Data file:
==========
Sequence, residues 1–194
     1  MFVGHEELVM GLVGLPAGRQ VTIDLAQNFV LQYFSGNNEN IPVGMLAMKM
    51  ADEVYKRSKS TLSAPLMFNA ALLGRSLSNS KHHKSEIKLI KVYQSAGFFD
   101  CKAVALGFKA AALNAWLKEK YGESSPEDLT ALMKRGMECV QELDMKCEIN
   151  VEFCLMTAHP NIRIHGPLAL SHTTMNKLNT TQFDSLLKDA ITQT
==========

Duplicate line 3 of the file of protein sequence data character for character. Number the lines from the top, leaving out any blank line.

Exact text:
    51  ADEVYKRSKS TLSAPLMFNA ALLGRSLSNS KHHKSEIKLI KVYQSAGFFD